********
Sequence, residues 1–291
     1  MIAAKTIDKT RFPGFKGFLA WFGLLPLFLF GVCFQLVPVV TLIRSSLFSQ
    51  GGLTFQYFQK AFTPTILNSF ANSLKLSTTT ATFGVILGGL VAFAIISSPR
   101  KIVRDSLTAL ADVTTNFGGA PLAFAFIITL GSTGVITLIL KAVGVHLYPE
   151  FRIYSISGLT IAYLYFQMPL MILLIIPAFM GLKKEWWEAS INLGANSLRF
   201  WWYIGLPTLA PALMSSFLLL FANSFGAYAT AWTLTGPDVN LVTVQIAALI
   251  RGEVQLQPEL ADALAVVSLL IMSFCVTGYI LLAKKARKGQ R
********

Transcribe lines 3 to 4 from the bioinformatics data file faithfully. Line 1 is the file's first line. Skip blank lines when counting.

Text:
    51  GGLTFQYFQK AFTPTILNSF ANSLKLSTTT ATFGVILGGL VAFAIISSPR
   101  KIVRDSLTAL ADVTTNFGGA PLAFAFIITL GSTGVITLIL KAVGVHLYPE